Richard T Gray
C LIT 396
Offered by visitors or resident faculty. Content varies.
This course examines the central psychological theories developed by Sigmund Freud and their application to prominent literary texts from the early decades of the twentieth century. The class is structured around a set of themes that will be developed on the basis of paired readings: in each case we will examine a text or excerpt from Freudís psychological works in conjunction with the reading of a literary text that exemplifies the issue or issues highlighted in Freudís theory.
Student learning goals
A deeper understanding of Freudian theory and its relevance to contemporary cultural and political issues.
An awareness of the profound influence Freud had on literature and culture in general in the 20th century and beyond.
Absorbing strategies for reading literary and cinematic texts through a Freudian lens that inverts the common relationship between what seems significant or insignificant.
Acquiring tools for an analytical examination of literary and other texts that go beyond simple questions of plot and action.
Improvement of skills in analytical and descriptive writing about cultural topics.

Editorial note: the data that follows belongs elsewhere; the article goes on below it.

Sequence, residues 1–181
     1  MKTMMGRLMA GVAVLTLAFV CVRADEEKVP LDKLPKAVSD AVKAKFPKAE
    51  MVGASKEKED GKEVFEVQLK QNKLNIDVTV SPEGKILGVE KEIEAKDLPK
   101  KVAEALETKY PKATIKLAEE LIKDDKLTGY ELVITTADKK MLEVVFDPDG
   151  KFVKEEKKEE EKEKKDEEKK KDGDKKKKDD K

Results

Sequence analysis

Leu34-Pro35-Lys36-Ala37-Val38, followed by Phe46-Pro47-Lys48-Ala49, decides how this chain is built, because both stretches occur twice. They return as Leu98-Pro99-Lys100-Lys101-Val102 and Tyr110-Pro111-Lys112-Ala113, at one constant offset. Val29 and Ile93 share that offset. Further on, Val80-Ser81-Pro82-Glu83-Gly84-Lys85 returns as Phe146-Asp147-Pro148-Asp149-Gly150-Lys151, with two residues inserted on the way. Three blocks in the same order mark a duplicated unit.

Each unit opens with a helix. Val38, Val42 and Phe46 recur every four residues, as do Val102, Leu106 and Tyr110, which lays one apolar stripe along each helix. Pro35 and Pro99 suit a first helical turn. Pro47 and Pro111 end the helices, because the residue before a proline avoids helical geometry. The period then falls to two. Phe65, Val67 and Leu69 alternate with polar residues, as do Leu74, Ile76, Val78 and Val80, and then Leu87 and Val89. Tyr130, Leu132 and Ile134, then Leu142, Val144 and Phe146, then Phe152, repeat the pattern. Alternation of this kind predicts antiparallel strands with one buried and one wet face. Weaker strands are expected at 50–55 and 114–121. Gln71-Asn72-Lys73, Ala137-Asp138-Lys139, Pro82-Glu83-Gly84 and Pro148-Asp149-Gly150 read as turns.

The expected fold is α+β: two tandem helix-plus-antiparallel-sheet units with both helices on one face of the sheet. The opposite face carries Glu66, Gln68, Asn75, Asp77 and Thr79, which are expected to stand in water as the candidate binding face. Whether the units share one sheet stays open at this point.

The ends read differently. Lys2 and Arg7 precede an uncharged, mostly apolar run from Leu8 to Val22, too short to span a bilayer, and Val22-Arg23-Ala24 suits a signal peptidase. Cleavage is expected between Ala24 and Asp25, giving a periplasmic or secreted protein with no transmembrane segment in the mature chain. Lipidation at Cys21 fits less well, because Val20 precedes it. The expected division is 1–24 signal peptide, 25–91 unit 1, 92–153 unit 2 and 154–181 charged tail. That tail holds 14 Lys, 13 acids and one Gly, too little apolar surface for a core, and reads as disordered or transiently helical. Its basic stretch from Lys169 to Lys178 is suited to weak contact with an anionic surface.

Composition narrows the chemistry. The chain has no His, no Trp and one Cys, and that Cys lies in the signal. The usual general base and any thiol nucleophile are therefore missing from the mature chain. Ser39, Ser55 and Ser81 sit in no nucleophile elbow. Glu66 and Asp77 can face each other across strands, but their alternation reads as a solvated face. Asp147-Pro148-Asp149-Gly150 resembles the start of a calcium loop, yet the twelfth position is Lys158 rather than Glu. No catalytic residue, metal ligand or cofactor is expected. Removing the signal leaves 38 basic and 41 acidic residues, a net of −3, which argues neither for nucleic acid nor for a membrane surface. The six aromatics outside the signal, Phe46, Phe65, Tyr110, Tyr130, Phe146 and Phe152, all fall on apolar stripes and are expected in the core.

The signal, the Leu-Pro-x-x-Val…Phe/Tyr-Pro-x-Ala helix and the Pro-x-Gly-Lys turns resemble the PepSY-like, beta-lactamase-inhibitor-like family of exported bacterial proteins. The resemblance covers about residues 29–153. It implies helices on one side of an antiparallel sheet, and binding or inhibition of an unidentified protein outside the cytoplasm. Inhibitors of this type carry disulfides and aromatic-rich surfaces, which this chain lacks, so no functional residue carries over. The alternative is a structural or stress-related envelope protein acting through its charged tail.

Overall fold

General method of instruction
Lecture format with daily short question and answer sessions. One additional smaller discussion group meeting each week for detailed discussion and problem-solving.
No knowledge of Freudian theory or general psychology is presumed. Background in literature is helpful, but not required or necessary.
Class assignments and grading
1) Regular attendance in lectures and discussion group meetings. 2) Weekly short written assignments dealing with problems or questions raised in the lectures. 3) One 2000 word (7-8 pp.) mid-term paper, demonstrating a Freudian analysis of an assigned text. 4) One 2000 word (7-8 pp.) final paper analyzing a literary or cinematic work of the student's choice from a Freudian perspective.
Class participation: 15% Weekly written assignments: 15% MId-term paper: 35% Final paper: 35%